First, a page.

To ask the Secretary of State for Health
(1) for what reasons the management of chronic skin disease was not included within the directed enhanced services of the new general medical services contract;
(2) for what reason skin diseases were omitted from the new general practitioner contract; and if he will make a statement; [R]
(3) what input his Department had in deciding the disease areas outlined under clinical domains in the quality framework for the general practitioner contract; [R]
(4) what factors were taken into account in deciding which disease areas should be included in the general practitioner contract's quality framework and essential services; [R]
(5) what assessment he has made of how the new general practitioner contract will benefit patients with chronic skin conditions. [R]
No disease is omitted from the new general medical services contract. The legal definition of essential services ensures that skin conditions will continue to be managed and treated in primary care to the extent such conditions can be handled appropriately and effectively in that setting. The contract also provides unprecedented investment in primary care and new mechanisms and opportunities through enhanced services to expand the range of services, improve convenience and choice for patients. This will allow the shift of specialised dermatology services from hospitals to primary care.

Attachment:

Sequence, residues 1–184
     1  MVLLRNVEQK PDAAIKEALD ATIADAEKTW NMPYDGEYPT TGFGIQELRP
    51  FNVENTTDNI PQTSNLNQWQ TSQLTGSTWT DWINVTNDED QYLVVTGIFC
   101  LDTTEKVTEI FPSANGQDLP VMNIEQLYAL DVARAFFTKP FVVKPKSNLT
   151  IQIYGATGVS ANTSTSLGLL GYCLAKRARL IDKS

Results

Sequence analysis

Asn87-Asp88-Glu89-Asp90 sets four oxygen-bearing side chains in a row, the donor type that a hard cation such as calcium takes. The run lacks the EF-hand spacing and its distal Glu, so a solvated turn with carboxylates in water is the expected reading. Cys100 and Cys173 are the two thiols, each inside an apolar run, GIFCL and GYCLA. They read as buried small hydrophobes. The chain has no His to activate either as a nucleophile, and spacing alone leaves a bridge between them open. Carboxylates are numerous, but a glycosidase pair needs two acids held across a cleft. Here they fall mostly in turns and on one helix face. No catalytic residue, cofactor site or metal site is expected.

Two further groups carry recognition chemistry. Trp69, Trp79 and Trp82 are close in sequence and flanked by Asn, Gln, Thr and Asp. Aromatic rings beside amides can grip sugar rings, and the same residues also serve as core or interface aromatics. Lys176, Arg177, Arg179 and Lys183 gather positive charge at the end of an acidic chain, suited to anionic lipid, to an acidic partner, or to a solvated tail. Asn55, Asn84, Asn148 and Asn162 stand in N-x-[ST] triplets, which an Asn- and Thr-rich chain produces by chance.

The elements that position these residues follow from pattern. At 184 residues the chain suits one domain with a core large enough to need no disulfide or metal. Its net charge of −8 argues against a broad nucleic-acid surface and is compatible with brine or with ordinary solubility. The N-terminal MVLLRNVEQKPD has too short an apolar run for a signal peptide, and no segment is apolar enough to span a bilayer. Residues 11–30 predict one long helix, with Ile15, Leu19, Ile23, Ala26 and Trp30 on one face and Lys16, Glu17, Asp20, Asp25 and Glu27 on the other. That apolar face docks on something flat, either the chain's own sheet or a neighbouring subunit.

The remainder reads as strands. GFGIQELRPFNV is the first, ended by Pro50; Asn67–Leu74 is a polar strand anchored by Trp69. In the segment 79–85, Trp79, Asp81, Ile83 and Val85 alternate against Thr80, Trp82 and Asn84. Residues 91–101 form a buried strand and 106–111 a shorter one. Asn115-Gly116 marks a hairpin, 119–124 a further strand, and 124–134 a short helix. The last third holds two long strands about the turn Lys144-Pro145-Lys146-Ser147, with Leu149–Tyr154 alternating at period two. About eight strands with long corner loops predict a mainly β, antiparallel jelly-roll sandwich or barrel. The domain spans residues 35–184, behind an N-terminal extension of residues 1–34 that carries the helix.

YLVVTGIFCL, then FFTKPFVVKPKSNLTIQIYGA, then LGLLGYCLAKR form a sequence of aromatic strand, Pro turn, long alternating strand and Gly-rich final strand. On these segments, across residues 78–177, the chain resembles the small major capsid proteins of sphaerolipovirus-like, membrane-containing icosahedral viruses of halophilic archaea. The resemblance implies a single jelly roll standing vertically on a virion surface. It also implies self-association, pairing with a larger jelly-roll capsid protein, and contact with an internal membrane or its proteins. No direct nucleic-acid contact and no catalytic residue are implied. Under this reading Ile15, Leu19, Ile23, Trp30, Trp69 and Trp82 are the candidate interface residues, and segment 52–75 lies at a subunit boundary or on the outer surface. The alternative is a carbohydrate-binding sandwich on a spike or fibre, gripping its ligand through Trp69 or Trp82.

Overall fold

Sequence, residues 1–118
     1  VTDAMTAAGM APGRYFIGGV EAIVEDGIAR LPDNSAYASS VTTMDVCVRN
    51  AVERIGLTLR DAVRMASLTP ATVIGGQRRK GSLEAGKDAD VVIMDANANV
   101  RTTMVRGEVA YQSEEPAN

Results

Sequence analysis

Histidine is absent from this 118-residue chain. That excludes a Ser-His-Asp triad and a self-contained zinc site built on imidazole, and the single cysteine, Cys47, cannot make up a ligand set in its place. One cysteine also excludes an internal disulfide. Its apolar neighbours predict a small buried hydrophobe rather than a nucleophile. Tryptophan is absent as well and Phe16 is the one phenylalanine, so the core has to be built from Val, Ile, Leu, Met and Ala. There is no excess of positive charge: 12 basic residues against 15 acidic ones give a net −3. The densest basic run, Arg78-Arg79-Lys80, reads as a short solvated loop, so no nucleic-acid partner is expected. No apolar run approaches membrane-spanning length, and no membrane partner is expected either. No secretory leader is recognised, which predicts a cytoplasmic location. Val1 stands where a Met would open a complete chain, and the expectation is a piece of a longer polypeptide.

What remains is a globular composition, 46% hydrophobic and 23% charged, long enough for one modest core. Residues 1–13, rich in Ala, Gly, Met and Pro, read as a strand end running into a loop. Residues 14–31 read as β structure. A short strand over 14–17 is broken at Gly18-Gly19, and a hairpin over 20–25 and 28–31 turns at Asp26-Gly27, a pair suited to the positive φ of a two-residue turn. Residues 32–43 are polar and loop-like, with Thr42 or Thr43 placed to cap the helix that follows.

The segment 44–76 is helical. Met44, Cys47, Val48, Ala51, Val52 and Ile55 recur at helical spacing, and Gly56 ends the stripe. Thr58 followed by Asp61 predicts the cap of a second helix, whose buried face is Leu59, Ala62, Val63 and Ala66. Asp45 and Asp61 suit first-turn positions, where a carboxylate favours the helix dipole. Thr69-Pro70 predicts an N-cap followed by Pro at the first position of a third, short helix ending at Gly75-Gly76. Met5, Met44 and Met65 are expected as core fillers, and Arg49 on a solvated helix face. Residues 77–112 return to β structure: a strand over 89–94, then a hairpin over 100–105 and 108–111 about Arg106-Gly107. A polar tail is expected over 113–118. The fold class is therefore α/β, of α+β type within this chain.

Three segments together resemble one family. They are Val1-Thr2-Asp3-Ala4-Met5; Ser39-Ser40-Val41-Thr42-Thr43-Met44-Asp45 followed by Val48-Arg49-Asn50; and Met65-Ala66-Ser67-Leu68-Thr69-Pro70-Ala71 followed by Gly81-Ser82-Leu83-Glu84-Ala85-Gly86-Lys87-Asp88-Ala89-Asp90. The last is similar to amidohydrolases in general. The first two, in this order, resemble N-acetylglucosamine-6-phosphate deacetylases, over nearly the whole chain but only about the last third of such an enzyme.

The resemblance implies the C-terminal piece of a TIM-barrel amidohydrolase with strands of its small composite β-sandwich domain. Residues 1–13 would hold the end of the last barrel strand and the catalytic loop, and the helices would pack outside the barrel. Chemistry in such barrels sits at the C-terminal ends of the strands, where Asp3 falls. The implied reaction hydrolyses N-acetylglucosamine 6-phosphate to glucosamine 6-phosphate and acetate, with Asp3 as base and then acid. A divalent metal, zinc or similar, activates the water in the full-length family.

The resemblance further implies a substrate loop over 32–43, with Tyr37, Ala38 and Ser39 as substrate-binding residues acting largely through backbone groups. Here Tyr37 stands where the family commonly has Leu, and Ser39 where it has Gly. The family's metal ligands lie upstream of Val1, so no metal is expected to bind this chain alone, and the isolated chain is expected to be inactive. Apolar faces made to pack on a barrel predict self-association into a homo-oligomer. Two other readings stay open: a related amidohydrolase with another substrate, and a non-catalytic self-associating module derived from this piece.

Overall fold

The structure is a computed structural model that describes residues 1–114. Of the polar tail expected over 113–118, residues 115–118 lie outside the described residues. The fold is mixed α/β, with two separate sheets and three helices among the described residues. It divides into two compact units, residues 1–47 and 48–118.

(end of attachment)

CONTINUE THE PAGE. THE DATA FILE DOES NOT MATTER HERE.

The quality and outcomes framework was developed by an independent group of academic general practitioners whose recommendations on which disease areas to include were based on the disease priorities across the United Kingdom, evidence-based practice and accepted national clinical guidelines, and an understanding that responsibility for ongoing management and care of patients rests principally with general practitioners and the primary care team.